The Linden Social Club

Joe Kennedy (left) and James-Emery Elkin
story by Mary Wojciechowski
photos courtesy The Linden Social Club

Behind the unassuming raisin-colored door at 12 Linden Street in Geneva are all the fixings of a modern speakeasy, including dark walls, tufted leather benches and liquor. The Linden Social Club is Geneva’s new craft cocktail bar and its goal is to provide patrons a thoroughly enjoyable social experience.

With its roots in the 17th-century communal punch bowl, the cocktail has a distinctly social history. Not even Prohibition could stop its rise to popularity as the primary feature of American social culture. Today, the cocktail remains irrevocably tied to social gatherings.

What’s more, it’s been experiencing a renaissance as an entire craft-cocktail movement takes hold. It’s a mixologist’s dream, and the founders of The Linden Social Club have made their dream come true. James-Emery Elkin and Joe Kennedy have created a place that honors the cocktail’s captivating allure and attracts all generations of cocktail lovers. The Linden is where the cocktail can do what it does best: bring people together.

“We wanted The Linden to feel welcoming,” says Kennedy, “by having consummate service and providing a stellar product.” 

Everything from the antique gold trim to the handmade tonic they use is designed to enhance the social experience. Guests will find nothing to distract them from the enjoyment of good company and good drinks – there are no neon signs in the window, no televisions lining the walls. “The cocktail’s heyday was a party,” explains Kennedy. “That’s why people still go out today: to dress up, meet new people, have fun and express themselves.” That is exactly what The Linden Social Club is all about.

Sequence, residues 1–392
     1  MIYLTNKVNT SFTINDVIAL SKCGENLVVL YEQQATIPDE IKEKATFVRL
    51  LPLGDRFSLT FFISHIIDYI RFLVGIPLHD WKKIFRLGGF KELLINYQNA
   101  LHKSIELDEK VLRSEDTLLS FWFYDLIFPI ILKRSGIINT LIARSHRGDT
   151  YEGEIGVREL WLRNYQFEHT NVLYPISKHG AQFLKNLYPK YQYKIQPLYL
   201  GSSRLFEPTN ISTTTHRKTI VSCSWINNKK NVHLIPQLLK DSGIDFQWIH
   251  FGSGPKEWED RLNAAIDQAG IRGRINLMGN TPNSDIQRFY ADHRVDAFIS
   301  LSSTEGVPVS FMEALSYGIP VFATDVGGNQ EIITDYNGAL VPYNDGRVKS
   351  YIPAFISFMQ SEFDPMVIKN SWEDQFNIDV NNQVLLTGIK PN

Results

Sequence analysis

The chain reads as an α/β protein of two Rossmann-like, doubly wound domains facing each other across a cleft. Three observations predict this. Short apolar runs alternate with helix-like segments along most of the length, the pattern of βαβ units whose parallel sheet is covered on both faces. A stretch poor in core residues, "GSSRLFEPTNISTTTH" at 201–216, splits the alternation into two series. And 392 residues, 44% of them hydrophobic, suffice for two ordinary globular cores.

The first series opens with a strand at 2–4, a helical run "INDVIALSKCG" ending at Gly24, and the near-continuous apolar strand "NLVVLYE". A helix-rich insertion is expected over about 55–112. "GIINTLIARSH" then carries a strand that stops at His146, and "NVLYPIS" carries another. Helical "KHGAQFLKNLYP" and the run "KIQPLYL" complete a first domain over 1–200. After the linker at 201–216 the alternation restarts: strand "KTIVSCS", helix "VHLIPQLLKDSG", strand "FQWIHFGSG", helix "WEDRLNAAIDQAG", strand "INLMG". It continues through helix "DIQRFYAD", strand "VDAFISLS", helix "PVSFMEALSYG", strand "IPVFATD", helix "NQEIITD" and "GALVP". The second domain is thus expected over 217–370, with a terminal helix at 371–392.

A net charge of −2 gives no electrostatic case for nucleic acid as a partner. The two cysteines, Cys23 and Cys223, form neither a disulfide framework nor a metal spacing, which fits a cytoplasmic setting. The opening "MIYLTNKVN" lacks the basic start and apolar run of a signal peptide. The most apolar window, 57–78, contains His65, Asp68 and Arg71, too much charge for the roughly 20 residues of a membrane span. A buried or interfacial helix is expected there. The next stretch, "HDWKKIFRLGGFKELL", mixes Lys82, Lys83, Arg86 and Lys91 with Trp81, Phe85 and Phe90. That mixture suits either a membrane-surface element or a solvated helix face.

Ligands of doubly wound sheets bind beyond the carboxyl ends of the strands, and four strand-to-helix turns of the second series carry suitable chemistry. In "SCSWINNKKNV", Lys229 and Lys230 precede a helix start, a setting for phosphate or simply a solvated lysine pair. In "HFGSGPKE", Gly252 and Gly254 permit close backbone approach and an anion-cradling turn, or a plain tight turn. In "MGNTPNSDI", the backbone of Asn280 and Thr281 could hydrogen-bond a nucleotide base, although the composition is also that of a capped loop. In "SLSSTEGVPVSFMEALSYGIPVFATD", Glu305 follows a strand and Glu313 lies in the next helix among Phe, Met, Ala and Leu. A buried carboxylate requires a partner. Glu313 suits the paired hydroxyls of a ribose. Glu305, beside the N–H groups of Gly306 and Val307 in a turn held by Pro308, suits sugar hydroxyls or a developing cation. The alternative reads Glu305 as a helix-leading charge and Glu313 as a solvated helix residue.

The History

In 2013, Elkin, who is also the owner of Microclimate Wine Bar on Linden Street, approached Joe Kennedy with an idea to open a cocktail bar in Geneva. Kennedy is a mixologist and had vast experience with cocktails. Elkin’s interest lay in the restoration of old buildings. Together they pursued a city grant to realize their dream. The grants, funded through the federal Microenterprise Assistance Program, were being awarded to several local entrepreneurs to encourage the urbanization of Geneva. After being awarded a grant, The Linden was born.

As with most good ideas, a modest beginning proved to have growing power. The location the founders leased on Linden Street was originally half its current size. What was intended to be a small craft cocktail bar doubled in size when they decided to expand into the neighboring space.

They added a small kitchen and took on the talents of Chef Max Bonacci, who was moving back to the Finger Lakes after successfully working on the west coast for 17 years. He added a list of epicurean bar snacks, or “botanas” to the menu, and enhanced the quality experience that defines The Linden.

The Look

The unique mix of classic elements and modern design makes an immediate impact on visitors. Art Nouveau light boxes frame the massive bar mirror with a chic blue light. The winged goddess Artemisia holds up an absinthe fountain atop the distressed copper bar. A modern chandelier hangs in front of a wall of vintage art. Every interior detail of The Linden Social Club is designed to bridge the gap between a 1920s speakeasy and a modern craft-cocktail bar.   

“Good design is functional,” says Kennedy. “We don’t want people to feel like they’re in an old place. It’s nostalgia we’re aiming for. And the way we do that is with high detail in small areas.” Furnishings such as the vintage Chippendale silver bowl they use as a salt dish and the tufted leather benches for seating were chosen with careful deliberation.